which was also my first introduction to the idea that one could ridicule the work of a famous and respected author and get away with it.  Aside from one teacher who disliked Betjeman (and apologised for it) my schoolteachers had approached texts as holy writ.  They were the Given: it was our job to understand Them and to convey that understanding in such a way that it could be marked and graded.  Scepticism, let alone ridicule, played no part in that process.

Enter Geoff Syer.  Geoff was a lecturer at Isleworth College, an unashamed communist who wore a symbolic red tie: he was also a profound literary sceptic.  So when we were discussing pathos in literature it was inevitable that Little Nell should arise from her grave like a shadow-puppet to be killed yet again:

She was dead. Dear, gentle, patient, noble Nell was dead. Her little bird — a poor slight thing the pressure of a finger would have crushed — was stirring nimbly in its cage; and the strong heart of its child-mistress was mute and motionless for ever. Where were the traces of her early cares, her sufferings, and fatigues? All gone. Sorrow was dead indeed in her, but peace and perfect happiness were born; imaged in her tranquil beauty and profound repose.1 (Chapter LXXI, p.524)

Victorians were as devastated by this scene as people more recently at the death of Princess Diana.  They wept openly in the streets.  But there were no Reichenbach Falls for Nell: Dickens was as implacable as death itself and refused to bring her back.

However, amongst the mourning there were even then dissenting voices.  Oscar Wilde remarked: “one must have a heart of stone to read the death of Little Nell without dissolving into tears . . . of laughter.”  And that, I would guess, sums up the reactions of most modern readers.  Though attempts have been made to explain Nell as symbolic of the victims of capitalism:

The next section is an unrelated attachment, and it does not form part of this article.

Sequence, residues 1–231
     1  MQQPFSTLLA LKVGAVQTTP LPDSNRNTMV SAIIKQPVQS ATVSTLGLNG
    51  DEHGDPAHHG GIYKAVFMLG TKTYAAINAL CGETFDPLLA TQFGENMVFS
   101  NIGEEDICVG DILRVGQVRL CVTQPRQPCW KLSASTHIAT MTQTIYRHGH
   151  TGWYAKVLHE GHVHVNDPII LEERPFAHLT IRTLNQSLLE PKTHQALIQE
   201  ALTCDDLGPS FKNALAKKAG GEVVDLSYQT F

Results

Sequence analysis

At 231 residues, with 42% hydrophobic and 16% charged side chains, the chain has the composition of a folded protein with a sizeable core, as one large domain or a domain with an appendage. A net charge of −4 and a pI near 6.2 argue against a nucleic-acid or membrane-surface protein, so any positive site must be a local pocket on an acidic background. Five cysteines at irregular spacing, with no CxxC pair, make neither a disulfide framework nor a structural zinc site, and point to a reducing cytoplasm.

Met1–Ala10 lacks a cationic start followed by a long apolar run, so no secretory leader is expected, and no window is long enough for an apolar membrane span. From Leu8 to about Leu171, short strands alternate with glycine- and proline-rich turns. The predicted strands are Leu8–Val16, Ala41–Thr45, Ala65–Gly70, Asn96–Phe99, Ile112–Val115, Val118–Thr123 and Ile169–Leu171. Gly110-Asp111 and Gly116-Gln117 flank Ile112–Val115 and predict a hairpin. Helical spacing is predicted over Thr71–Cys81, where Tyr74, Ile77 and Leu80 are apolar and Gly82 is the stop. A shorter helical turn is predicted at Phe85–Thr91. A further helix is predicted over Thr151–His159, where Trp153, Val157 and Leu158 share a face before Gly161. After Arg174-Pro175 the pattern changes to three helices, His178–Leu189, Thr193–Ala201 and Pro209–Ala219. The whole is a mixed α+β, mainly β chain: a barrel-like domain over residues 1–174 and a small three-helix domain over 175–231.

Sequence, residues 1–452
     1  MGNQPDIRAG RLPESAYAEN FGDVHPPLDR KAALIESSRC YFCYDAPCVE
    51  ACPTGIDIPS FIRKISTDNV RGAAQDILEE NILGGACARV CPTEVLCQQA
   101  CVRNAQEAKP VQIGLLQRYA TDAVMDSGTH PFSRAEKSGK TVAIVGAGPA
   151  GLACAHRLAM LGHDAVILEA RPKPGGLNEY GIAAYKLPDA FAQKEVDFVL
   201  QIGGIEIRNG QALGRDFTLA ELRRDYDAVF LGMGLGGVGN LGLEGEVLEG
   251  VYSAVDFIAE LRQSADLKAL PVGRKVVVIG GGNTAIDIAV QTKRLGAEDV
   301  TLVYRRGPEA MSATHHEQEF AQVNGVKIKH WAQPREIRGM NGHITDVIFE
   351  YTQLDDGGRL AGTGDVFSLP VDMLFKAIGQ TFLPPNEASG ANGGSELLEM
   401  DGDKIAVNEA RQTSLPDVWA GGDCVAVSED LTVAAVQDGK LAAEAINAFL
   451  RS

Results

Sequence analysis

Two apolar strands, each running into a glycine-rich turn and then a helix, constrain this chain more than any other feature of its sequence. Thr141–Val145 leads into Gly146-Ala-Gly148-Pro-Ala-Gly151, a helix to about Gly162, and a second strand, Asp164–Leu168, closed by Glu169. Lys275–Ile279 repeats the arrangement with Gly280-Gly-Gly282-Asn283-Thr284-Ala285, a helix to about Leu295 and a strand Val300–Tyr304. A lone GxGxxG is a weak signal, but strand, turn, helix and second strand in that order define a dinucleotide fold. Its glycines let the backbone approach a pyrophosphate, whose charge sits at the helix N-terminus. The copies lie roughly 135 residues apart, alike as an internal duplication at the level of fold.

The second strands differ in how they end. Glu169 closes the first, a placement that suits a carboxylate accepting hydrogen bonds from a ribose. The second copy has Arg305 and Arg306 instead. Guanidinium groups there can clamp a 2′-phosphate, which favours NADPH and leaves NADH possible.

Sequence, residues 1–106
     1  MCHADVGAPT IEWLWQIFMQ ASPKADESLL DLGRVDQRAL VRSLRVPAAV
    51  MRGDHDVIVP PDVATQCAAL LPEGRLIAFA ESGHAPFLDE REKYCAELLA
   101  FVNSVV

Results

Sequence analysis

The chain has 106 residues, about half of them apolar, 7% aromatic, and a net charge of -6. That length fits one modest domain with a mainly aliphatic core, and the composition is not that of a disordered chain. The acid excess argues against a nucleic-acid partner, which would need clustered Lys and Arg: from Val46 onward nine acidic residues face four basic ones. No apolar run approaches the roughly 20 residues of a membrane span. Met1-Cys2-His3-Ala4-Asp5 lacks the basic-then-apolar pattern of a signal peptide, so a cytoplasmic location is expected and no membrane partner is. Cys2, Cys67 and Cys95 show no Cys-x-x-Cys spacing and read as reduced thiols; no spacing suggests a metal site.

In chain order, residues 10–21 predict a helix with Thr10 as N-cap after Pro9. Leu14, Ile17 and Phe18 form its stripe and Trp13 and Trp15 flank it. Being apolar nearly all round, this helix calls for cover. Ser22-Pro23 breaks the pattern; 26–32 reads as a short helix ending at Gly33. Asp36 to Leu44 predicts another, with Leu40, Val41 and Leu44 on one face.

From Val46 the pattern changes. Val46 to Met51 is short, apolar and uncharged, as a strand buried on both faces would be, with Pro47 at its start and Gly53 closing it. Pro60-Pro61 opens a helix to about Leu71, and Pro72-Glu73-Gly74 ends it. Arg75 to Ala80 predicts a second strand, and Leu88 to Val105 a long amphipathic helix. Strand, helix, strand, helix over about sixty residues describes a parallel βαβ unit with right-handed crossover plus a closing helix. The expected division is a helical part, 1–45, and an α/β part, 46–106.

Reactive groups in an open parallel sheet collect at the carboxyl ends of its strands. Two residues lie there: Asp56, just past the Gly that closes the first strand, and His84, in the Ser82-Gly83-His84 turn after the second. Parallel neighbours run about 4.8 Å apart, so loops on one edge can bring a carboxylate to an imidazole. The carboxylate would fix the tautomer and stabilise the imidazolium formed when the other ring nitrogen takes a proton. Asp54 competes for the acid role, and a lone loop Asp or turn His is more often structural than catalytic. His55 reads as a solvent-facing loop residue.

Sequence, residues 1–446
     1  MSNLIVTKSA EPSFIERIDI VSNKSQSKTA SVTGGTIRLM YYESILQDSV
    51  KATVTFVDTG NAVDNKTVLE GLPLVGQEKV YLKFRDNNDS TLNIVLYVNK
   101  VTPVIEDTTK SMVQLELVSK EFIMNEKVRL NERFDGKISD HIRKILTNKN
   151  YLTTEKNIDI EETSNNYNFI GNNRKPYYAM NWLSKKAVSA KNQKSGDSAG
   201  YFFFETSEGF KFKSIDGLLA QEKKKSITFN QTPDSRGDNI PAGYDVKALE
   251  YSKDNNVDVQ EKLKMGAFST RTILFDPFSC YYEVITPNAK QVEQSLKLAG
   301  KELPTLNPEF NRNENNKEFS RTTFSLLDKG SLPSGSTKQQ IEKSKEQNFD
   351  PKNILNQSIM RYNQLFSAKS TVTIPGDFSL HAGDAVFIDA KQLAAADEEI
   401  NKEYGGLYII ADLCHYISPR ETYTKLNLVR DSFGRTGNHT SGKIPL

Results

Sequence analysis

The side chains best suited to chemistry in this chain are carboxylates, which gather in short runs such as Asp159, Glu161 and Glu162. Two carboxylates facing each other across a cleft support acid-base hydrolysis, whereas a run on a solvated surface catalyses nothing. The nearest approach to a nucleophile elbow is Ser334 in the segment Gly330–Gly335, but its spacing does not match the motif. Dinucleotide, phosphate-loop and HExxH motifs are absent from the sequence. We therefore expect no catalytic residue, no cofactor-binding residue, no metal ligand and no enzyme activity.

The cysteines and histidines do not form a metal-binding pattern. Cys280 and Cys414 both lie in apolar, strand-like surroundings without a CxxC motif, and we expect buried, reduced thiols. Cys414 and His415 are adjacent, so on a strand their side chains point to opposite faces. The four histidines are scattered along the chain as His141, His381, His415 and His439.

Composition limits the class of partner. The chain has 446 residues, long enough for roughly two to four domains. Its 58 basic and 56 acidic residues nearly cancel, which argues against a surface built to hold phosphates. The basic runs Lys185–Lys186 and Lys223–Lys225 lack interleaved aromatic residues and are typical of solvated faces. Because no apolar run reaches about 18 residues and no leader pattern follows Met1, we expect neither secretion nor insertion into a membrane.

http://www.victorianweb.org/authors/dickens/boev1.html

I don’t think that’s the way Dickens worked.  His characters were visualised with an intensity rivalled only by Dostoevsky’s – and though he was deeply concerned with poverty and child mortality (the novel follows on from the death of his sister-in-law) such abstraction is not in his nature.  Dickens dealt with concrete realities.

I have to say the above article expresses everything I dislike about post-modernism; inventing complex terms for something already ‘out there’ which could be expressed much more simply.  That said, much has been written in the feminist era about Dickens’ women and how they tend to divide into the garrulous and the child-like; the figure of fun and the ‘angel in the house’.  Give me garrulous and comic any day: besides, I wouldn’t have been married to Dickens for any money.  Twelve children, a lifetime of unfaithfulness and ne’er a mention in any of his books.  No, ta…

I can’t remember why I started on this topic at all.  But there you go: I never could get the hang of Wednesdays…

Kirk out